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Today's Reminder

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Living The Quran

True Implications
Al-Jumua (The Congregation) - Chapter 62: Verses 9-10

"O you who believe, when you are called to prayer on the Friday (lit. the "day of congregation"), hurry to the remembrance of prayer and cease all business. That is better for you if you only knew. Then when the prayer is finished, disperse throughout the land and seek the bounty of God and remember God frequently so that you will prosper."

In this passage, the verbs "hurry," "cease," "disperse," and "seek" are all in the imperative form. However, scholars understand only "hurry" and "cease" to create an obligation (farida), while "disperse" and "seek" imply permission (nadb), not obligation. That is, believers must make a sincere effort to get to the Friday prayer on time and must not engage in business after the call to prayer is made. On the other hand, believers are not required to leave the mosque and go to work when the prayer is finished. If they like they can go home for a nap, have lunch, stay in the mosque and study, etc.

The question arises, how do scholars distinguish which verbs imply obligation and which imply permission if all of them are expressed in the imperative form? Clearly, it is only by bringing some other factors to the text that it is possible to make such a distinction. The Sunna of the Prophet, the consensus of the scholars, and other considerations are brought in to the interpretive process to help understand the true implications of any Quranic verse. Given that so many variables are considered relevant to the analysis of any Quranic passage, it is not surprising that scholars will arrive at different conclusions.

Compiled From:
"The Story of The Quran: Its History and Place in Muslim Life" - Ingrid Mattson, pp. 189, 190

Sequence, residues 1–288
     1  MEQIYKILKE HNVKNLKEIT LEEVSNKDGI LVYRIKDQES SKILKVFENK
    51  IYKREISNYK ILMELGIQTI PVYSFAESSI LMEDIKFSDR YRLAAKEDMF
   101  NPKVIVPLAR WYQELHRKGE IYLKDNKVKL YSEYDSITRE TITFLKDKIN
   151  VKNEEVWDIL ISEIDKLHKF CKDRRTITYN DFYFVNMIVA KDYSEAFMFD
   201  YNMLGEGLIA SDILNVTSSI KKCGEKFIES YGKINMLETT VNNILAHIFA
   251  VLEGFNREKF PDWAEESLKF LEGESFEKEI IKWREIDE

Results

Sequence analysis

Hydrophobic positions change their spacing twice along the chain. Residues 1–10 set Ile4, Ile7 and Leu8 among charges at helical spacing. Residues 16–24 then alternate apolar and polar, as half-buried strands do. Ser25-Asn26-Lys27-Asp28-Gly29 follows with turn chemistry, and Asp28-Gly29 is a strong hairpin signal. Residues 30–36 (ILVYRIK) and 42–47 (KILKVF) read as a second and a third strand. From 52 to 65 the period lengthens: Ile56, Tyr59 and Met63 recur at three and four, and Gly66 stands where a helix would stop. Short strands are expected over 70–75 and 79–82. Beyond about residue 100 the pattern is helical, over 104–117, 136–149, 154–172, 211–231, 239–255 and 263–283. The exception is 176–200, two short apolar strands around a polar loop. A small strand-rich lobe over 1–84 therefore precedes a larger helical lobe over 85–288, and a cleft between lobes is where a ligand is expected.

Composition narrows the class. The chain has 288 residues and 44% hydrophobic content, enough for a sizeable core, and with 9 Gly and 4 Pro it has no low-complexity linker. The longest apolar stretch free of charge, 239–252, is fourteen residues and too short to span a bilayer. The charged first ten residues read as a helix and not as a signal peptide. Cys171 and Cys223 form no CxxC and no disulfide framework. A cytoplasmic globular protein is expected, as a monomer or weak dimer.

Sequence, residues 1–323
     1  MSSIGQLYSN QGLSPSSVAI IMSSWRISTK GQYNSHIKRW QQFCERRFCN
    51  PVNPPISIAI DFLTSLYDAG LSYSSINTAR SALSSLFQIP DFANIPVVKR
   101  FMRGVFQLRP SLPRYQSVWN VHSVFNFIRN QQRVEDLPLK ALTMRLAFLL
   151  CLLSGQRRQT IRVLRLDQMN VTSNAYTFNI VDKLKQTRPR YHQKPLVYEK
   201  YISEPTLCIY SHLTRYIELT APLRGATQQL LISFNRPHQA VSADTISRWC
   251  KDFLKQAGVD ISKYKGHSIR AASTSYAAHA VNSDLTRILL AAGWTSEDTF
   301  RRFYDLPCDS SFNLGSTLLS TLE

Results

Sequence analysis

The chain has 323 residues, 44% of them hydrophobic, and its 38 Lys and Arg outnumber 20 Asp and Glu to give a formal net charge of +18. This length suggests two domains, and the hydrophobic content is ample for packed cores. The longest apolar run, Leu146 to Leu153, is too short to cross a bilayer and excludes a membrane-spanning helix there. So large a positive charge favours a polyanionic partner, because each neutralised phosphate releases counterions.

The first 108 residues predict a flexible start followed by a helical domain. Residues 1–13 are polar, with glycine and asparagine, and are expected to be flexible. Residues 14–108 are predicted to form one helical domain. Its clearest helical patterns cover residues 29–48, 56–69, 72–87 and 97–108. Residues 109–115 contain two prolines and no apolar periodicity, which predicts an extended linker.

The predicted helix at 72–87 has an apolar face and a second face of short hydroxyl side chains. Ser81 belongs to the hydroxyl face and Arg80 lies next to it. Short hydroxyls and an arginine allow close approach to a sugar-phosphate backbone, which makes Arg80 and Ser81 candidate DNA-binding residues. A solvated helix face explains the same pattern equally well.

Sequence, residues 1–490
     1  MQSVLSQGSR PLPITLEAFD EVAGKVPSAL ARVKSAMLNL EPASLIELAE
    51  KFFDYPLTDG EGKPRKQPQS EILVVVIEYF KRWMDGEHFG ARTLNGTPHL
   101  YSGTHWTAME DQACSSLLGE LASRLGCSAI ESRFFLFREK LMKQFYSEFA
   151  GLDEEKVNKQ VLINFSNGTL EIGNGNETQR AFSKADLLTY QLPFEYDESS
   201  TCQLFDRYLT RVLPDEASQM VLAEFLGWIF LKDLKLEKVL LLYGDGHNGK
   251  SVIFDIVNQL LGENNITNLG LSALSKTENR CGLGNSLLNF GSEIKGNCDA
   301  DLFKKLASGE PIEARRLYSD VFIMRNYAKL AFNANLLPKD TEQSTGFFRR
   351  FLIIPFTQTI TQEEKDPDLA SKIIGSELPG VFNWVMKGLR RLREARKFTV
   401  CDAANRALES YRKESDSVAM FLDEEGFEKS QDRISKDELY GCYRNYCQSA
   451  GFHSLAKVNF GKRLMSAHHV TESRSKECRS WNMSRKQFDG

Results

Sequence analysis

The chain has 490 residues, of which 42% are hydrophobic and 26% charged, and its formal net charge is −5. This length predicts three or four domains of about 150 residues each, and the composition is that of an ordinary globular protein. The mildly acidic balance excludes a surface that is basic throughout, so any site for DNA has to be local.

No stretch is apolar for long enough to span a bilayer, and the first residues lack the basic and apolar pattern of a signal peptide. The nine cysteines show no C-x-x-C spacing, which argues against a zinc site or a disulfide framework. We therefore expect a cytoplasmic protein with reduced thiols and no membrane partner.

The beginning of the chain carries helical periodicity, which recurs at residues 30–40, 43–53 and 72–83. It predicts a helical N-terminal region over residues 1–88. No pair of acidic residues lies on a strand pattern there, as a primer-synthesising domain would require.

From Issue: 858 [Read original issue]

Understanding The Prophet's Life

Sanction for Authority in Islam

The Prophet, on him be peace, ordered his Community to appoint authorities over them, and commanded these authorities to fulfil their trusts and when judging between people to judge fairly. He ordered them to obey those in authority in obedience to God, Exalted is He.

In the Sunan of Abu Dawud we have it on the authority of Abu Said that the Messenger of God said: "When three men go on a journey let them put one of their number in command." In the Musnad of Imam Ahmed we learn on the authority of Abdullah ibn Umar that the Prophet said: "It is not permissible for three men to be in a desert place without putting one of their number in command."

Now since the Prophet demanded of the smallest groups and most limited societies that one person be put in charge, we must admit the same obligation where greater numbers are involved.

Source:
"Public Duties in Islam" - Ibn Taymiya, p. 22

From Issue: 472 [Read original issue]

Cool Tips!

Motivation

Charles Schwab, president of U.S. Steel and the highest-paid executive of his time, understood how to motivate men. When one of his mills wasn't producing its quota, he went to the mill manager and addressed him personally:

"How is it," Schwab asked, "that a man as capable as you can't make this mill turn out what it should?"

"I don't know," the man replied, "I've coaxed the men; I've pushed them; I've sworn and cussed; I've threatened them with damnation and being fired. But nothing works. They just won't produce."

"Give me a piece of chalk," Schwab said. Then, turning to the nearest man: "How many heats did your shift make today?"

"Six."

"Without another word, Schwab chalked a big figure six on the floor, and walked away. When the night shift came in, they saw the '6' and asked what it meant. 'The big boss was in here today,' the day men said. 'He asked us how many heats we made, and we told him six. He chalked it on the floor.'

"The next morning Schwab walked through the mill again. The night shift had rubbed out '6,' and replaced it with a big '7.'

"When the day shift reported for work the next morning, they saw a big '7' chalked on the floor. So the night shift thought they were better than the day shift, did they? Well, they would show the nightshift a thing or two. They pitched in with enthusiasm and when they quit that night, they left behind them an enormous, swaggering '10.' Things were stepping up..."

If you're looking to motivate those around you, throw down a challenge.

Compiled From:
"How to Win Friends and Influence People" - Dale Carnegie, pp. 238-240

From Issue: 868 [Read original issue]